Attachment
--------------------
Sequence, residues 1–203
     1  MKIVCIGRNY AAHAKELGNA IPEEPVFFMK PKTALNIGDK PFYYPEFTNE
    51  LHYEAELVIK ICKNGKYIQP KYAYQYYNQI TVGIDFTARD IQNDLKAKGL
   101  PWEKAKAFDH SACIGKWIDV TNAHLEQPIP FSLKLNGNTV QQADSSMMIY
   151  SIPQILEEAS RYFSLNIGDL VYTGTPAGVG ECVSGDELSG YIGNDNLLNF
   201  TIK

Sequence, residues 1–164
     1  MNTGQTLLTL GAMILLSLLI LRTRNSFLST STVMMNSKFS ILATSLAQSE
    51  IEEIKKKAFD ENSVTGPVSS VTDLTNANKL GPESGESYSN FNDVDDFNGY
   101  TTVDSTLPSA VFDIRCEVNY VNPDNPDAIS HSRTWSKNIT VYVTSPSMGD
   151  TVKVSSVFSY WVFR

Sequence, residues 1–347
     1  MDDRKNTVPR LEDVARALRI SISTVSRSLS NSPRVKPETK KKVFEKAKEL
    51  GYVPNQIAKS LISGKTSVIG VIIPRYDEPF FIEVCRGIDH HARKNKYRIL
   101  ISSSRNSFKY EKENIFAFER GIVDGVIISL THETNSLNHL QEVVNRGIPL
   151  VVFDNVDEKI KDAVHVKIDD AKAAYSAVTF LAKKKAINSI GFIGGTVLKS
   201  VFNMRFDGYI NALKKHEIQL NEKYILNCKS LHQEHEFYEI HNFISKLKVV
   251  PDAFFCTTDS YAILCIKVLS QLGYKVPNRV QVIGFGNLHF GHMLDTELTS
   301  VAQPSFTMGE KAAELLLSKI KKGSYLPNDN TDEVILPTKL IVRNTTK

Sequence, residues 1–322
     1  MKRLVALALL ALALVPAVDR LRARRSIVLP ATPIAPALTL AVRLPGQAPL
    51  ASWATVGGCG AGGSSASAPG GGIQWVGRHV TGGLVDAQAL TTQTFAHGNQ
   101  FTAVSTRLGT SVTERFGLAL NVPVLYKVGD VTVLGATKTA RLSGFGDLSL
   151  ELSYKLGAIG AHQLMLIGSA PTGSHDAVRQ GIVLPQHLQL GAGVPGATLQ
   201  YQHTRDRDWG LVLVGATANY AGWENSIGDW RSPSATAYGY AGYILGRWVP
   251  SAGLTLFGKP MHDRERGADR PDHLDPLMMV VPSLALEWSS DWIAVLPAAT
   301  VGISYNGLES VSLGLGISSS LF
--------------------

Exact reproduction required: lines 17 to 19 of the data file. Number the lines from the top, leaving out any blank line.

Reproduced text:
   201  VFNMRFDGYI NALKKHEIQL NEKYILNCKS LHQEHEFYEI HNFISKLKVV
   251  PDAFFCTTDS YAILCIKVLS QLGYKVPNRV QVIGFGNLHF GHMLDTELTS
   301  VAQPSFTMGE KAAELLLSKI KKGSYLPNDN TDEVILPTKL IVRNTTK